Scanning the faces of those in his night-school class, Chris Searle, visiting professor at York’s Atkinson School of Social Sciences, realized how Toronto had changed since his last visit, wrote the Toronto Star March 22 in a feature and pictorial splashed across the front of its GTA section. That change gave Searle an idea. Teaching students from all over the world – at least 32 countries of origin represented in three classes – in courses entitled "Childhood and Society" and "The School and Fiction," he asked them to write about their youth and their early educational experiences.
The result is Cosmopolis, Toronto, an anthology of autobiographical writings, fiction, poems and plays. "This shows Toronto is a genuine city of the world," says Searle, who edited the book, which features the work of more than 50 women and men who studied at York’s Atkinson Faculty of Liberal & Professional Studies. Proceeds from the sale of the book will go to the Canadian Red Cross to help rebuild schools and provide educational resources for Southeast Asian communities that were ravaged by the 2004 tsunami. It struck as the York students were writing their stories. The Star noted that it’s available through the York bookstore – bookstore.yorku.ca – for $14.95.
- A current York student’s story was included in the Star’s feature on Cosmopolis, Toronto March 22. Annie Yuan, 23, who is in her final year of a BA in psychology, said of her early school years in China: “I remember I used to have tons of homework every night after school. It usually took me about five to six hours to do my homework, and I wasn’t allowed to watch TV…. The workload and pressure the students have in Asia is really intolerable. It is not surprising that there are so many cases of suicide in Asian countries. It is sad, and I am glad that I am who I am; otherwise, I might fall into that category." The Star also excerpted a story by alumna Tracy Johnson (BA ’06), who is now working on a master’s in education at Canisius College in Buffalo.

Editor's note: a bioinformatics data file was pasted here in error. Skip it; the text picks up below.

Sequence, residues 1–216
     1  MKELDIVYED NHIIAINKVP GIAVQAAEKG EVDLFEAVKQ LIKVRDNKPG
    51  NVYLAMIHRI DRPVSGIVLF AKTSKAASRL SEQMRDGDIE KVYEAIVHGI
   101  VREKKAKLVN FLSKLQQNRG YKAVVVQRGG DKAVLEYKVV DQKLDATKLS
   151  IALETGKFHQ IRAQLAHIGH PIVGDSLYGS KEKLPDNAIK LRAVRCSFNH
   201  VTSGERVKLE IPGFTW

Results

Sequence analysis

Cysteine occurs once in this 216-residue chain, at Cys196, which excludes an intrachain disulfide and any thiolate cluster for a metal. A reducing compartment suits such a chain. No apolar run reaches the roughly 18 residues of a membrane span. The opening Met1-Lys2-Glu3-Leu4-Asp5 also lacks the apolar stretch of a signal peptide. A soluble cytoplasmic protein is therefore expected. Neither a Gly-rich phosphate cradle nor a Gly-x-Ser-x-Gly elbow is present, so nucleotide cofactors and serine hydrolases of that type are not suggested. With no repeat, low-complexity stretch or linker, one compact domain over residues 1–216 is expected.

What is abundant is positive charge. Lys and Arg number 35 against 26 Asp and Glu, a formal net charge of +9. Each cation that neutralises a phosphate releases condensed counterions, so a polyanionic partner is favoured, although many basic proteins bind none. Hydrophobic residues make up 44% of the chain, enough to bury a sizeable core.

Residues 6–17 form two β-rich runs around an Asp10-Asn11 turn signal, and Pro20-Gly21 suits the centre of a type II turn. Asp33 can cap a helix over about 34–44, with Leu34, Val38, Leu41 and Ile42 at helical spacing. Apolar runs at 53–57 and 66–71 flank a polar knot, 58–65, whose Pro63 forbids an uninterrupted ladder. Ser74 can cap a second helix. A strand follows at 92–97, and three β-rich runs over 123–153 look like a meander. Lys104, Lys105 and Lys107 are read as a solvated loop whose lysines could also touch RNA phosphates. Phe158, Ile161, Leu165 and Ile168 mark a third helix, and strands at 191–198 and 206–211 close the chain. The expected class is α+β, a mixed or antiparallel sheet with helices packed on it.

His lab secret: never give up
An intrinsic interest in science and a working-class upbringing in a home where television was banned helped steer Michael Siu to a career as a distinguished chemist in Canada, wrote the Toronto Star March 22. “There are many more opportunities in Canada,” says the recipient of the 2007 New Pioneers Science and Technology Award about his decision to remain here. The story was the last of six profiles of winners of New Pioneers Awards, presented by the non-profit agency Skills for Change and sponsored by the Star, recognizing the achievements and contributions of immigrants.
Born and raised in Hong Kong, Siu survived the rat race of the colonial education system to gain entry to the prestigious University of Hong Kong, one of only three universities in the densely populated island in the 1970s, said the Star. Later Siu was hired as a research associate by the National Research Council in Ottawa, where he rose through the ranks before becoming a chemistry professor in York’s Faculty of Science & Engineering. “I always wanted to be an academic scholar,” says Siu, 53, who is now director of the Centre for Research in Mass Spectrometry established at York in 2000. Siu says his New Pioneers award is special because it honours not only professional achievement, but also his contributions to this country as an immigrant.